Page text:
|A typical early-season stillwater rainbow trout|
I was cleaning out my room and found this old, short article I was meaning to use 7 or so years ago on our website. It's short and fairly abstract so either I was reading too much Bob Scammell at the time or I was in hippyville BC. Please forgive the puns.
With finesse and grace I released the winter demons through a rythmic back and forth motion. Unravelling a cast on an early season spring creek? Nope. Ploppin' indicator rigs on a local trout pond? You bet! Early season trips to places like the Bow and Stauffer are great, but nothing is more special to me than trying out the first few feet of open water on our trout ponds. There is no need to search for motivation, all it takes is an obsession and about 10 months of Alberta winter for you to know what I am talking about.
|Winter may be a beautiful to some, but to a fly fishing nut winter gets old fairly quickly and causes many to dip into the liquor cabinet, medicine cabinet, or even the ice fishing section at the store|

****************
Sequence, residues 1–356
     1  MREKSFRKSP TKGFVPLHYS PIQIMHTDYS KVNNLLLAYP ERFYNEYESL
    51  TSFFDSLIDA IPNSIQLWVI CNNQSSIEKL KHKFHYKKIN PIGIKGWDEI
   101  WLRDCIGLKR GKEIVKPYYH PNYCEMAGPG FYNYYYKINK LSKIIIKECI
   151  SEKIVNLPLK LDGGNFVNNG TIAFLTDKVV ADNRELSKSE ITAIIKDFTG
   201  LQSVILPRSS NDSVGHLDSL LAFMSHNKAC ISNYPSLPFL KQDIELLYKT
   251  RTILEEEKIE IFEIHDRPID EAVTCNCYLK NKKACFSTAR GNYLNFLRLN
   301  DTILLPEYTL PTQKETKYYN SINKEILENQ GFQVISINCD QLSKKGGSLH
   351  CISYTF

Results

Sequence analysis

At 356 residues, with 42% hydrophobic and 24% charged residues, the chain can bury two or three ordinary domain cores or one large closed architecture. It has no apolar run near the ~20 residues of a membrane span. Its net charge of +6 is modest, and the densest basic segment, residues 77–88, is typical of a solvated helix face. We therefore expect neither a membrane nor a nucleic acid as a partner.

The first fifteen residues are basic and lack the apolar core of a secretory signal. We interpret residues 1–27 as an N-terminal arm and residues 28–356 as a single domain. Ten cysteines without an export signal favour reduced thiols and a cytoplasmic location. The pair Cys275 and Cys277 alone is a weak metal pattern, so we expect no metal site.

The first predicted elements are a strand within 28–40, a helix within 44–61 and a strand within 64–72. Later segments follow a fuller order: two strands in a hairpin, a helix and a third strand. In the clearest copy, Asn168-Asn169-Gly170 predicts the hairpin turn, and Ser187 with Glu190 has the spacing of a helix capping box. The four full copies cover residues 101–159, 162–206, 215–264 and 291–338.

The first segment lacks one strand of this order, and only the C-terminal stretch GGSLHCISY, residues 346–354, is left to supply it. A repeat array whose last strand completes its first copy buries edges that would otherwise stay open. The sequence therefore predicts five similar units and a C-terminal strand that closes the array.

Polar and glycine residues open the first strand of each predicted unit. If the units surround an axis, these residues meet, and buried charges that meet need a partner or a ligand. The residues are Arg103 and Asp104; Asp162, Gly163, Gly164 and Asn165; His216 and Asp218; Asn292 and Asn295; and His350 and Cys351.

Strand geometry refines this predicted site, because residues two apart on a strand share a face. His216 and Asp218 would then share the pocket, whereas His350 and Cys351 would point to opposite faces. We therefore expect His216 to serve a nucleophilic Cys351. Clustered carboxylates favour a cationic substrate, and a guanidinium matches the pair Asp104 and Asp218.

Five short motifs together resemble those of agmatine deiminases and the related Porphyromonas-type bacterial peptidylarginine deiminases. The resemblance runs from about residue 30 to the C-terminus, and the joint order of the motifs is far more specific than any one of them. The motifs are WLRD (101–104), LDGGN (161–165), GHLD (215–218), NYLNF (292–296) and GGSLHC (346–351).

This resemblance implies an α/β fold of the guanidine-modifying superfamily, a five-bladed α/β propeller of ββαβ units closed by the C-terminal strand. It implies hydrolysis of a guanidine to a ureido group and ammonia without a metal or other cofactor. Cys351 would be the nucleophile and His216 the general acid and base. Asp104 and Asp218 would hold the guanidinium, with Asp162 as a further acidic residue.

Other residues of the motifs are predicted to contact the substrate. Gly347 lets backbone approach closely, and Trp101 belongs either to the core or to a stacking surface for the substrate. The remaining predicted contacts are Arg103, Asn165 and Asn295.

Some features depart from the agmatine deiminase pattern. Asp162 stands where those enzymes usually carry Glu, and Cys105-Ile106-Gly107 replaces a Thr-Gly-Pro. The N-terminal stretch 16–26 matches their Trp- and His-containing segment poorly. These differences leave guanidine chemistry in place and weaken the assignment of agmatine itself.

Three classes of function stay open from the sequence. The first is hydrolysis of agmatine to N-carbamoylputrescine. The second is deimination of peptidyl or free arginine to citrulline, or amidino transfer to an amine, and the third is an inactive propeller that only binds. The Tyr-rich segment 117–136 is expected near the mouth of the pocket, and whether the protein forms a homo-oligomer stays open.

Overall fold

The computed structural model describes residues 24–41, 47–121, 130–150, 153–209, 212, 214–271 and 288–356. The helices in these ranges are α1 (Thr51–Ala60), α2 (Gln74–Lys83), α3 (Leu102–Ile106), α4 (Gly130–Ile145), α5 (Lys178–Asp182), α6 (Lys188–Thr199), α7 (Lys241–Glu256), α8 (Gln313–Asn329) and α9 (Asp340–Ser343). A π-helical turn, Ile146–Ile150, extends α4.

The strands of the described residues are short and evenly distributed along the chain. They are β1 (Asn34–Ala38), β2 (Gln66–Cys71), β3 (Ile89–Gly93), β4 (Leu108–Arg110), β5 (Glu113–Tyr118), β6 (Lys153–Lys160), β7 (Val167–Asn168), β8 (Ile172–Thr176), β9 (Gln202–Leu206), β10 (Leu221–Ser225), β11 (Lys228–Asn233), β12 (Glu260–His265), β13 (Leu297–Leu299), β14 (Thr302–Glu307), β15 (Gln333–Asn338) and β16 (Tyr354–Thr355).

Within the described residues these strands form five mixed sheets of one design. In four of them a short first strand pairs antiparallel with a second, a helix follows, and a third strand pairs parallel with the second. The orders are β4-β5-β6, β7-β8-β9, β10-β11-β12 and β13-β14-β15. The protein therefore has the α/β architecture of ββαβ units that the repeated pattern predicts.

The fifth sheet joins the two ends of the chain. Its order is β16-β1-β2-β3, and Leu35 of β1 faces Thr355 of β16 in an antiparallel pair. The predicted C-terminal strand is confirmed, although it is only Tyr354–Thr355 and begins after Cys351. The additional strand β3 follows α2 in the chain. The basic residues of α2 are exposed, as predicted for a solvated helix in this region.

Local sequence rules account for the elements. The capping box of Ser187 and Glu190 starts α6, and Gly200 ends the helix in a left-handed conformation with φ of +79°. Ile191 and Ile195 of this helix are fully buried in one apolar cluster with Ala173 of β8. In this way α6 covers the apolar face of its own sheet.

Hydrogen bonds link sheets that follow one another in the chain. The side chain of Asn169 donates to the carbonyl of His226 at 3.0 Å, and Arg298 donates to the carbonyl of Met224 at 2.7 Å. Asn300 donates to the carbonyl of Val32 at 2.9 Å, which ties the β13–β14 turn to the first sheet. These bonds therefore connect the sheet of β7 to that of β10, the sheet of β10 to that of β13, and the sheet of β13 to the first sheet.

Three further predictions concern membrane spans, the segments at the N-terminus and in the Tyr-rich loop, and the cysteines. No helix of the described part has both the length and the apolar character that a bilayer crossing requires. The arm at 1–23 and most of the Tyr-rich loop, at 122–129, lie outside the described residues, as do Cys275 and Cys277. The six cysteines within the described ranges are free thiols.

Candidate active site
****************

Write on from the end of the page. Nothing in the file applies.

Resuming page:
A condition prescribed by most doctors as the shack nasties is naturally being cured by some Muiracle....oops I mean miracle. After months of near insanity there comes a common symptom, which has some fool filling a box with #26 dry flies that will never grace the end of a line. But luckily there is light on the horizon to save this fishing fool from craziness. Too bad the light on the horizon is a 6 am sunrise shining straight into my eyes while I chug a mug/bucket of coffee trying to wake myself up for fishing and/or showing up to an iced up pond: good thing Kingsalmon is driving today. Once I have finally woken up, it will hit me: I am about to cast my fly rod on still, open water for the first time this year.
|Goofing around with a little perch a few years ago at first ice-off|
-Andy aka Dr Shoal